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A novel imaging technique sheds new light on bacterial mobility and adhesion

A scientific endeavour carried out by two French groups belonging to INSERM and CNRS at Aix-Marseilles University shows for the very first time that both bacterium adhesion to and bacterium motion on a surface are driven by the same mechanism (see paper in PNAS: "Wet-surface–enhanced ellipsometr... Read More

Quantitative imaging application to gut and ear cells

From tracking activities within bacteria to creating images of molecules that make up human hair, several experiments have already demonstrated the unique abilities of the revolutionary imaging technique called multi-isotope imaging mass spectometry, or MIMS, developed by researchers at Brigham ... Read More

'Worm speak' uses chemicals to communicate

A species of small, transparent roundworms have a highly evolved language in which they combine chemical fragments to create precise molecular messages that control social behavior, reports a new study from the Boyce Thompson Institute (BTI) at Cornell and the California Institute of Technology ... Read More

J&J seeks OK for first drug against resistant TB

Johnson & Johnson said Monday that it is seeking U.S. approval for the first new type of medicine to fight deadly tuberculosis in more than four decades.

The experimental drug, called bedaquiline, also would be the first medicine specifically for treating multi-drug-resistant tuberculosis. Th... Read More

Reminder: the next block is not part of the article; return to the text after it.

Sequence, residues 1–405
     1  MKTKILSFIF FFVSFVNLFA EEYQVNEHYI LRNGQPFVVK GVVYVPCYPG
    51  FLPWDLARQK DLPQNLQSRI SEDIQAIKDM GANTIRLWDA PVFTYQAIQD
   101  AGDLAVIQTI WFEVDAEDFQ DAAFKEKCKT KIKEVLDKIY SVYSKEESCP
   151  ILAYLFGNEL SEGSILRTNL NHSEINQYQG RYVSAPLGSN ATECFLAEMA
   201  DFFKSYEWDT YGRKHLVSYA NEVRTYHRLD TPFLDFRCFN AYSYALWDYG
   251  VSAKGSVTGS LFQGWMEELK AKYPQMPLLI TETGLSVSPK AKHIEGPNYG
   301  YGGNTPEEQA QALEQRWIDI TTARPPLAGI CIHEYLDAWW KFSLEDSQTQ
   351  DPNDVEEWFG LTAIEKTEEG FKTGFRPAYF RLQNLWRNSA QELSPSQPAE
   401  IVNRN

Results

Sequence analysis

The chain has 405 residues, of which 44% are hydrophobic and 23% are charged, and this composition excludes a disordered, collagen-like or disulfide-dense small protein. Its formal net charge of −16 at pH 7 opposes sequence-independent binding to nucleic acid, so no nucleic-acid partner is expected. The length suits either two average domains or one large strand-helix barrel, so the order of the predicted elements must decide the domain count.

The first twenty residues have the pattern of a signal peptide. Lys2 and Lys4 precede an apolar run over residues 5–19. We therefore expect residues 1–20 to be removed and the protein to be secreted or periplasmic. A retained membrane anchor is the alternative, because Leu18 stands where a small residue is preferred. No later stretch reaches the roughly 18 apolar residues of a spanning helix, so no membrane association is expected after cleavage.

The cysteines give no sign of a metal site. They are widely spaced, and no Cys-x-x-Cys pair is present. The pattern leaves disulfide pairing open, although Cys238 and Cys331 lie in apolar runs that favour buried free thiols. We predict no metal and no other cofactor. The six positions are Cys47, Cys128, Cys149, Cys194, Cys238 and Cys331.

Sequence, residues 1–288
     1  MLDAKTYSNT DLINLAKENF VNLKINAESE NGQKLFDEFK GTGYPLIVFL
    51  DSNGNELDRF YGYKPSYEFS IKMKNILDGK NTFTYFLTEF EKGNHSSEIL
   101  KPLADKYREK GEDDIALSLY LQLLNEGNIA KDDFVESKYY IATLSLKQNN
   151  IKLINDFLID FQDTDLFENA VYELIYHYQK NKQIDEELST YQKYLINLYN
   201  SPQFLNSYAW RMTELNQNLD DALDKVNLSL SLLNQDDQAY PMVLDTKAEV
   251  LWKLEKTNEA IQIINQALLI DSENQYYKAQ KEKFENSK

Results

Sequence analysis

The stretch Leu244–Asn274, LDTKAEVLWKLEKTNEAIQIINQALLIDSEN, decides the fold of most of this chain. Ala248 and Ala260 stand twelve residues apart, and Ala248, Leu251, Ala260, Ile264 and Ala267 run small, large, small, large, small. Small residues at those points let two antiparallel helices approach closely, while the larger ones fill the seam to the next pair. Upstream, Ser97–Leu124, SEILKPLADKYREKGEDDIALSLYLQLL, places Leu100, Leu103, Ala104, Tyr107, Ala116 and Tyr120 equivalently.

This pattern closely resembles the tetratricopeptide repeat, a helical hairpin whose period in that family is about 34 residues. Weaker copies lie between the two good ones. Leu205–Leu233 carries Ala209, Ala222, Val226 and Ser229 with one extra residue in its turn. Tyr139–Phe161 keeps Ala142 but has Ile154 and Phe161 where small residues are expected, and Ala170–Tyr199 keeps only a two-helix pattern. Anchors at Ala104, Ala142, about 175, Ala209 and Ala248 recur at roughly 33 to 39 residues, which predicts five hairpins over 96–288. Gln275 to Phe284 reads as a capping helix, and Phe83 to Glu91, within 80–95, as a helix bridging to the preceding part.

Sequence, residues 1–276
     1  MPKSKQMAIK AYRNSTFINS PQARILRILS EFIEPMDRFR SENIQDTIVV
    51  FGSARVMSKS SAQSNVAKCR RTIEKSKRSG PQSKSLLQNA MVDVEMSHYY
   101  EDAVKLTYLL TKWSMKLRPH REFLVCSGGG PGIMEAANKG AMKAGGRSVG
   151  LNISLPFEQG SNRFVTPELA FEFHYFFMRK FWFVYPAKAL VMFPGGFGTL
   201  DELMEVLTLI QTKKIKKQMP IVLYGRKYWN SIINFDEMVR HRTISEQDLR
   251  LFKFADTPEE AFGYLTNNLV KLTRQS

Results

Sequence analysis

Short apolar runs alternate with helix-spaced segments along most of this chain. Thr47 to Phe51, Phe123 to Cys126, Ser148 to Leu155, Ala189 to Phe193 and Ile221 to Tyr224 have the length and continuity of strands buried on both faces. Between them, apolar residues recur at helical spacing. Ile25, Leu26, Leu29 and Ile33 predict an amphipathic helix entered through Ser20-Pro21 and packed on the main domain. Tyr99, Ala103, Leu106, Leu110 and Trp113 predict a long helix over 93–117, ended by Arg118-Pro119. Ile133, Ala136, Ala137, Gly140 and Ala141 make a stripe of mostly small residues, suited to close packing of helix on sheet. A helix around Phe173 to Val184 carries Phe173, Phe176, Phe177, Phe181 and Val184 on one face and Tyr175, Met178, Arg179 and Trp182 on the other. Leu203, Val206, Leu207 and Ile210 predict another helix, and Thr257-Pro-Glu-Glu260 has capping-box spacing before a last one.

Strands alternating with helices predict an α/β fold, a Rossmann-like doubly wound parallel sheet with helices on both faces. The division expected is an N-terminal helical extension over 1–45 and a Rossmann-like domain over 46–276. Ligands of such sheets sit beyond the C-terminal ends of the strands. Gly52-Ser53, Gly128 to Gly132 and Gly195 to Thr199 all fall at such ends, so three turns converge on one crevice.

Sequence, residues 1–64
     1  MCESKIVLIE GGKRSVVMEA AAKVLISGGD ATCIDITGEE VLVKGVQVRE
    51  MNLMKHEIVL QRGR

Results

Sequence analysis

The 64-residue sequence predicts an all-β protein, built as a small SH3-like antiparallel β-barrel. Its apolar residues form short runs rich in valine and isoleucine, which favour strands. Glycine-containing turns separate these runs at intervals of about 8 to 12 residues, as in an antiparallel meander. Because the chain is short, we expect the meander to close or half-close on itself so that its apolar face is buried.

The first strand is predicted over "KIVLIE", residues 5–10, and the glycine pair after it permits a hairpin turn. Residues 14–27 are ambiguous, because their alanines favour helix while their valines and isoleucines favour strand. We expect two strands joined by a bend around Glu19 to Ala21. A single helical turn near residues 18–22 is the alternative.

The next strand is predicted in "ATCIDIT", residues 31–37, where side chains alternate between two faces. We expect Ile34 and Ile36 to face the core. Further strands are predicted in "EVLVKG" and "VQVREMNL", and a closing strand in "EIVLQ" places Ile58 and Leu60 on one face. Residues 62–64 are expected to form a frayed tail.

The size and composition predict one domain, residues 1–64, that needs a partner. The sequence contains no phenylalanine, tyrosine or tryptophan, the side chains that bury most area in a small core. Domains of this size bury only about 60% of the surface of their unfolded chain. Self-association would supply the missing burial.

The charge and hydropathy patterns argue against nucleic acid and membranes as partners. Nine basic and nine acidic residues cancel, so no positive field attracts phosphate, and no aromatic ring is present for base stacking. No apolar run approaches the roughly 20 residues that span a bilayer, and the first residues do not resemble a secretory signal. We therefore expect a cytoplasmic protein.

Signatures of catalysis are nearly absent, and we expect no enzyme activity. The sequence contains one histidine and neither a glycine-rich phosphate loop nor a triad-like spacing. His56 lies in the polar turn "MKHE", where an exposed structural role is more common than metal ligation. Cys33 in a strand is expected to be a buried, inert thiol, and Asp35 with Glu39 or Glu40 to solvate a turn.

Protein proves to be vital in immune response to bacteria

A team of researchers led by scientists at Rockefeller University have discovered that a protein once thought to be mainly involved in antiviral immunity is in fact more important in fighting bacterial infections and could provide new mechanisms for treating diseases like tuberculosis, which is ... Read More

Scientists reveal how natural systems limit the spread of "cheating" bacteria

In the first field study of its kind researchers at Royal Holloway, University of London and the University of Oxford have investigated the competitive dynamics of pathogenic and non-pathogenic strains of bacteria.

Bacteria are increasingly seen as living and interacting in groups and sharing... Read More

Deadly Bat Fungus in Missouri, Farthest West Yet

A disease that has killed millions of bats across multiple states and Canada has been found in Missouri, marking its advent west of the Mississippi River and spelling possible trouble for agriculture in the region, officials said Monday.

White nose syndrome has been confirmed in three bats in... Read More

Natural Intestinal Flora Strengthens Immune System

Signals from natural intestinal bacteria are necessary for an effective immune response to various viral or bacterial germs. This was the result of experiments by a research team led by Prof. Dr. Andreas Diefenbach and Stephanie Ganal at the Institute of Medical Microbiology and Hygiene of the F... Read More

Innate immune system protein provides a new target in war against bacterial infections

Research led by St. Jude Children’s Research Hospital scientists has identified a possible new approach to defeating bacterial infections by targeting an innate immune system component in a bid to invigorate the immune response.

In this study, researchers demonstrated that the primary functio... Read More

Fourth of July: American Presidents and Infectious Diseases